A mere eight days before the kickoff of Life Is Beautiful, executive chef Brian Massie and five other Clique Hospitality executives are gathered at Hearthstone Kitchen & Cellar in Red Rock Resort. The restaurant has been charged with providing food to the festival’s VIP section and for the private cabanas, as well as at a booth in the general admission section. That’s a bit more labor intensive and time sensitive than the concessions at a typical festival or Hearthstone’s simple booth last year. And to make things even more hectic, Clique had just soft-opened a sister restaurant, Salute by Luciano Sautto (which will be collaborating with Hearthstone at the festival) at Red Rock the previous evening.
Massie is no stranger to pressure. The former corporate executive chef with Light Group, he operated six restaurants in Las Vegas, as well as provided food to the group’s three dayclubs during pool season. But setting up on the streets of Las Vegas for 90,000 music fans over three days is different. As they gather around the table this afternoon, they’re all cool and collected, despite the fact that a few critical decisions—such as how they’re preparing Hearthstone’s pizza dough and serving Salute’s gelato (the only two items on the menu this year)—still needed to be made. On top of that, they won’t get to tour the site until two days before the gates open.
As the meeting begins, marketing manager Amber Poders circulates a “punch list.” It contains 42 items that need to be addressed, divided into five categories: equipment, tasks, supplies, marketing collateral and staffing. First up for discussion is freezer space for the gelato, which is not being provided by the festival organizers. Massie will borrow two freezers from Red Rock and a gelato case from Novocento restaurant. Nonetheless, there are still worries.
“My concern,” sous chef Ren Caceres says, “is that we take the gelato over there and, like last year, the circuits trip overnight. I just don’t want to take all those containers of gelato and have something go wrong overnight or in the middle of the festival, and all of a sudden we lose everything we have.”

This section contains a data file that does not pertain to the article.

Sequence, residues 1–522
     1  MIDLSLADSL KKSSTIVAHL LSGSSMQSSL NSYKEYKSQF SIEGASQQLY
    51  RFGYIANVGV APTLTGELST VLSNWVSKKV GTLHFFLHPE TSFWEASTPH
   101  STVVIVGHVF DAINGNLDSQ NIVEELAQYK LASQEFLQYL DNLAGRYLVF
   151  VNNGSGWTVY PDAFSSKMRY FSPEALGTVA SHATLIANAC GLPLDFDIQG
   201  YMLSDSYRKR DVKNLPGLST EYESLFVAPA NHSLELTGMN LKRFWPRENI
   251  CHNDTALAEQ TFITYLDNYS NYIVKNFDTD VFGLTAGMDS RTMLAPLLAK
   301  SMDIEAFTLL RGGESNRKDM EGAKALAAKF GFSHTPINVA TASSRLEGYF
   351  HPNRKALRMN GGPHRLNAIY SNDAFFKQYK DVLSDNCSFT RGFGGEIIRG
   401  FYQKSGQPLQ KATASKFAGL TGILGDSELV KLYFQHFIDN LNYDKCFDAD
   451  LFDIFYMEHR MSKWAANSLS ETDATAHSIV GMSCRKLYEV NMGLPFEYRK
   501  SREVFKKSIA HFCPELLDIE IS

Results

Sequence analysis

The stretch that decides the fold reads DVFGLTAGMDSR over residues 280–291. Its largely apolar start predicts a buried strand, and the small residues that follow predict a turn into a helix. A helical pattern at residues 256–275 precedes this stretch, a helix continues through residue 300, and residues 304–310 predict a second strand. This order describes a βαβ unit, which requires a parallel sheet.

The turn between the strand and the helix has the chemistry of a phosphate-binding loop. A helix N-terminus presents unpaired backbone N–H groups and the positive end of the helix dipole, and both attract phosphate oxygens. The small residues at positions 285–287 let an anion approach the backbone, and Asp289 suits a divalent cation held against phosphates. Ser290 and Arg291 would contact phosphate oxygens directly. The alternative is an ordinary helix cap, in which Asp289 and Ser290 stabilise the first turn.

It turns out that one of their team incorrectly started an electrical generator last year, causing a freezer to go out. To guard against a repeat of that experience, they debate bringing their gelato supply in two shipments. The idea seems to go unresolved.
Other issues that arise are where the pizza dough will be stretched. Rolling out the dough by hand on-site takes two to three minutes per pizza, which is a problem during busy hours. “What happened last year,” Hearthstone general manager Andrew Pittard says, “is that the customers came in such waves, and when they did come we were trying to maximize the number of guests and be extremely efficient.” To break even, he says, the restaurant needs to be able to crank out a pizza every 60 seconds.
The optimal solution seems to be to use a machine at Salute that can press the dough before it’s sent to the site. But that will require making Roman-style pizza as opposed to classic Neapolitan. And nobody’s quite sure that dough pressed on Thursday will hold up through Sunday.
A similar question arises about gelato. While Salute serves it in amaretti cones that are rolled to order, using cups will save time at the festival. After a bit of debate, the preference seems to be for cups.
And so the meeting goes. Is it worth it to put Hearthstone’s logo on their pizza boxes? If so, should it be stamped on, or slapped on as a sticker? Who offers the most affordable T-shirts, tank tops and hats for the staff? What will they use to provide shade for the employees at the general admission kitchen? (VIP, fortunately, has a shaded booth.) And will that shade hold up in high winds? Who are they getting to staff each station? And, of course, who’s delivering what, when and in what vehicle?
Luckily, everybody at the table seems to have experience or a connection to address each of these logistical questions. So over the course of the meeting, they volunteer to handle these last-minute tasks, or trade for something they’re more confident with handling.
Dozens of items on their list were taken care of weeks ago—things such as tables, wood for the ovens, ticket boxes and even fire extinguishers. As the meeting comes to a close, nobody seems to doubt whether the Hearthstone pop-ups will be fully up and running when the festival gates open. And when they do, I won’t be taking the gourmet pizza and house-made gelato for granted.
Photos by Krystal Ramirez